Google self-driving van involved in crash in Arizona, driver injured (Update)

May 5, 2018 by Elizabeth Weise And Adrian Marsh, Usa Today

A self-driving van that was part of Google's tests in Arizona was involved in an accident Friday when a car being driven by a human swerved to avoid another human-driven car and crashed into it.

Photos taken at the scene show significant damage to the driver's side of the Waymo van and the front of a silver Honda sedan, with pieces of both vehicles scattered across the roadway.

The Honda was driving eastbound in Chandler, Ariz. when it swerved to avoid striking a vehicle that was driving northbound. As the sedan swerved, it struck the Waymo van, which was traveling at low speeds in autonomous, or self-driving, mode, Detective Seth Tyler of the Chandler police said.

There was an occupant in the driver's seat of the Waymo vehicle who suffered minor injuries, Tyler added.

Both the Waymo vehicle and Honda sedan were damaged and had to be towed.

Chandler is a suburb to the southeast of Phoenix where Waymo has been testing its self-driving vehicles. Waymo is autonomous vehicle subsidiary of Alphabet, the parent company of Google.

Accidents involving self-driving cars in Arizona have raised questions about whether the tech is ready for testing with the public. There have been at least three accidents involving Waymo autonomous vehicles in Chandler in the past two years, involving human drivers who ran into Waymo cars.

On March 18 an Uber self-driving car hit and killed a woman who was walking a bike across a busy street outside any crosswalk into traffic.

Arizona Gov. Doug Ducey ordered testing of Uber cars be suspended soon after the fatality, but not all self-driving operations were stopped. Uber suspended self-driving operations elsewhere after the accident while it investigated the crash.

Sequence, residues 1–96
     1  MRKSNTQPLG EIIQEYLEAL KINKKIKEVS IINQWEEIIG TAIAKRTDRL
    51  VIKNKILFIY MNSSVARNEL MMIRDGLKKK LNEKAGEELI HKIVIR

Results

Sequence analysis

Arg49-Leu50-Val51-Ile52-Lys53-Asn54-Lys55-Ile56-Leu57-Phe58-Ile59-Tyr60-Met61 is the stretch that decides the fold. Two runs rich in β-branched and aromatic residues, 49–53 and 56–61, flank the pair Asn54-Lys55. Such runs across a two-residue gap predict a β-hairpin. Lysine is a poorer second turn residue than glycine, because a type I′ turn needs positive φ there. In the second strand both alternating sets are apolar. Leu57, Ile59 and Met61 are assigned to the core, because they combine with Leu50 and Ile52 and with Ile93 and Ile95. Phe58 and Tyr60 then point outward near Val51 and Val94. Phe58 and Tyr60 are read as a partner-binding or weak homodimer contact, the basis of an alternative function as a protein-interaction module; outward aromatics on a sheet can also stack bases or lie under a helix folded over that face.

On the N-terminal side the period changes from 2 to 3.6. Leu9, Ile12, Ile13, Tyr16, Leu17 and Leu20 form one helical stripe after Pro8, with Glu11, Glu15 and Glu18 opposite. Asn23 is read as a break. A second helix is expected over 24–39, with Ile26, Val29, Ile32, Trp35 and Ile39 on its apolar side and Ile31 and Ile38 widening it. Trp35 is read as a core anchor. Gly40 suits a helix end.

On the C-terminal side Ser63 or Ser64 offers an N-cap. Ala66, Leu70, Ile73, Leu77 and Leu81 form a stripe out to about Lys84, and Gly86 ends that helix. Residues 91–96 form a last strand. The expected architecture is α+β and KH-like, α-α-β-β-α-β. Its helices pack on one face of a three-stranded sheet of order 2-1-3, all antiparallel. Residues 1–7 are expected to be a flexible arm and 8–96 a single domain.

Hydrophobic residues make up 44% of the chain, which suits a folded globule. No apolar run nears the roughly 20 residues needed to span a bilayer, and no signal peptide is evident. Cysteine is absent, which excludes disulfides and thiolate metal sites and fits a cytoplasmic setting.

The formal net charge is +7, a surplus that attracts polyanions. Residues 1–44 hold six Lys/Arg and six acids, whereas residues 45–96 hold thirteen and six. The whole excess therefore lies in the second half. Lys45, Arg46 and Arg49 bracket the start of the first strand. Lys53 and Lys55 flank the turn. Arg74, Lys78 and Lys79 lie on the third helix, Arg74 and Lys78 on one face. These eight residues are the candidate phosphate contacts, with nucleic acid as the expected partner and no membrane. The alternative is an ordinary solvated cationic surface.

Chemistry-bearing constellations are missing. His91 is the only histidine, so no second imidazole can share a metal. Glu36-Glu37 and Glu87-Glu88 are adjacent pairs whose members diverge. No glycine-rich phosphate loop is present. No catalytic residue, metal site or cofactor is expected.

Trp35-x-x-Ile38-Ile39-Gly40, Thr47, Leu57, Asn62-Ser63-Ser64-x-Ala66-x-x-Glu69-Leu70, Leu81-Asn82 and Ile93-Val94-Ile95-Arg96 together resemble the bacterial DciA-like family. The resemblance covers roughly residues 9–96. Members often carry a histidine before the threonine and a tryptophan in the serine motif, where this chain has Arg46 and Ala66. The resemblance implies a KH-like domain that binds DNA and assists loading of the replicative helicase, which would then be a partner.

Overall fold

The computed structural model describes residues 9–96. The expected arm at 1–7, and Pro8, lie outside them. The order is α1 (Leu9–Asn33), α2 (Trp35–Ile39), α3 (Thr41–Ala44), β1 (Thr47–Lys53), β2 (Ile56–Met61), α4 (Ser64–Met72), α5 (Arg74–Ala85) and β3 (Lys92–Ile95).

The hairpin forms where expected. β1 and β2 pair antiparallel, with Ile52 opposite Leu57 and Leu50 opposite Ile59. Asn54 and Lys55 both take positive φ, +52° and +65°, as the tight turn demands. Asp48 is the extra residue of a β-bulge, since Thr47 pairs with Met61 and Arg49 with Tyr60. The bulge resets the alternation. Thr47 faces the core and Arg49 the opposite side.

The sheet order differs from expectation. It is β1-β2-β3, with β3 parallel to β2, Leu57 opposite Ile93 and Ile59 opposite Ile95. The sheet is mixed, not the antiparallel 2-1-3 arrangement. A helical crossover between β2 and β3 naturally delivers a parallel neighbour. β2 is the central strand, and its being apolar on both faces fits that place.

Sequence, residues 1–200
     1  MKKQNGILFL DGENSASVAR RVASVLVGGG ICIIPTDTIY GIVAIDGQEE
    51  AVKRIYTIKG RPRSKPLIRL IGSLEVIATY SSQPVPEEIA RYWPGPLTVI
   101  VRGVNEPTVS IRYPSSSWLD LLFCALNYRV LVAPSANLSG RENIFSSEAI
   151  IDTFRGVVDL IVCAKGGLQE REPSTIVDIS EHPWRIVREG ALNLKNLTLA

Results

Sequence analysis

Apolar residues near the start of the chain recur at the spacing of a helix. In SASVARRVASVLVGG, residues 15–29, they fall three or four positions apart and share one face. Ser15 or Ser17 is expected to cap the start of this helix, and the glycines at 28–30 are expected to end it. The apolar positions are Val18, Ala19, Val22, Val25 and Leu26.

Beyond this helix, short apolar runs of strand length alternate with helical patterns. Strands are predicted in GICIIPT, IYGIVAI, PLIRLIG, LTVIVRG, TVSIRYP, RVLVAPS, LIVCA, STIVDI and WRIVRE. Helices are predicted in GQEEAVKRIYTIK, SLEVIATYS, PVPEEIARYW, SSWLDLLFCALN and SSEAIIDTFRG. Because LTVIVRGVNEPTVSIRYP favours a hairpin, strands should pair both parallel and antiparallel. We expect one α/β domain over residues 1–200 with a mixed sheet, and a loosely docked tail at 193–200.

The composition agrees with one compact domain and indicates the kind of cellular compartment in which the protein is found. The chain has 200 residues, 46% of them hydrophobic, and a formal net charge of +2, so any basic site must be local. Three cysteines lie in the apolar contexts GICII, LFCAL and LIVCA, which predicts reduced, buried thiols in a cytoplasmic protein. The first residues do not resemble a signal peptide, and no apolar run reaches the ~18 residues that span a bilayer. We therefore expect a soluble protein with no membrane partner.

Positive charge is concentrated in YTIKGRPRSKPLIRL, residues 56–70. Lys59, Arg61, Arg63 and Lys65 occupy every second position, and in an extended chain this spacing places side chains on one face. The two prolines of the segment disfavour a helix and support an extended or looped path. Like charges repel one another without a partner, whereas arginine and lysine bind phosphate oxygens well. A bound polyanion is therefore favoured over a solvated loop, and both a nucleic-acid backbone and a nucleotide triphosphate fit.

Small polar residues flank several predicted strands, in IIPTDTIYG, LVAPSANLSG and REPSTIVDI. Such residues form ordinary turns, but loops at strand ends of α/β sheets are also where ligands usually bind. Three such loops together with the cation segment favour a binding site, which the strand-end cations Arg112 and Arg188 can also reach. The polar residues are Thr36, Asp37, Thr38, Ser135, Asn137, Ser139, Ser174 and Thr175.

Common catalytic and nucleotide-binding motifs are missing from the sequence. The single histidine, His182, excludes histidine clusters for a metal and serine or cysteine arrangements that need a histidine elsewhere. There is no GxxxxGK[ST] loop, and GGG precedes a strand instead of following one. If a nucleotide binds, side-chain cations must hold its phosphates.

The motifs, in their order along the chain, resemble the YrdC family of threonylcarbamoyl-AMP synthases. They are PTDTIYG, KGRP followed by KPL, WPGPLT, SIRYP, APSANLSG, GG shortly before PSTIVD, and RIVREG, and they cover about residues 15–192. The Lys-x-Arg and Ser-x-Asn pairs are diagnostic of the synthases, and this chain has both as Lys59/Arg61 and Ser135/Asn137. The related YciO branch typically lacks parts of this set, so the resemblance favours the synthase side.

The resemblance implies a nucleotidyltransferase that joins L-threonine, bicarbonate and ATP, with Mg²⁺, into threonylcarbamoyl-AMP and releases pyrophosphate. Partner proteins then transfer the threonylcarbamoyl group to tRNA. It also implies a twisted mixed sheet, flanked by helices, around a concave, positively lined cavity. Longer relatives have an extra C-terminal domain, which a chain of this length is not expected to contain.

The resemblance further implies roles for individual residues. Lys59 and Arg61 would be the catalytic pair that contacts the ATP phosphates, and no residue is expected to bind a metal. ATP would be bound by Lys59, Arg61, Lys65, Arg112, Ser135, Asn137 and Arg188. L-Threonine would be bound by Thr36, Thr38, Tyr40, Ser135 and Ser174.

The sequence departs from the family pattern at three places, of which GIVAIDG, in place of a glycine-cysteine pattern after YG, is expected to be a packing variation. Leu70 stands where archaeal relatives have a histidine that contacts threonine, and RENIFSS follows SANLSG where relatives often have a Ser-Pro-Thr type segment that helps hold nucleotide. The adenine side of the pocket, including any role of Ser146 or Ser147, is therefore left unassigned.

Last month, Waymo CEO John Krafcik said he had confidence that the company's technology was robust enough to handle "situations like that one."

Waymo did not immediately respond to request for comment Friday.

Marsh reporting from Phoenix, Ariz. Weise reporting from San Francisco.

Explore further: CEO says Waymo dedicated to safe self-driving technology

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not rated yet May 05, 2018
And what happens when Natural Stupid runs into Artificial Stupid? Why, a plethora of stupid!

We cannot trust humans to drive competently or sober? And we're suppose to trust human manufactured & programmed machines to do better?

I have serious doubts about seeing the end of either insurance companies or ambulance chasers in my lifetime.
1 / 5 (1) May 06, 2018
What is up, why did people crash into Waymo instead of the other way around? Is Waymo get in the way of these driver? I suppose normal people anticipate incident and stay away but Waymo couldn't sense that. AI is still lacking in basic instinct..
Da Schneib
1 / 5 (1) May 06, 2018
The driver who crashed into the Waymo was cited.

Any questions?
5 / 5 (3) May 06, 2018
The driverless car has not got human instinct and human reactions, if it had it would drive like a human being and anticipate human reactions and know exactly where not to be on the road - it was driving slowly, to slowly when it should have not been dawdling but driving with the traffic!
not rated yet May 06, 2018
The news headline I saw, claimed the Natural Stupid ran a red light. Which brings up an issue I've been wondering about.

One of the purposes of AI is speed. Being able to sort and correlate a multitude of data at electrical speed. Yet in article after article I am reading that the designers and programmers of AI keep handicapping the machines with trying to duplicate Human thinking patterns and reaction times.

Perhaps this is deliberate to blend in with Human usage? And avoid over-stressing mechanical devices?

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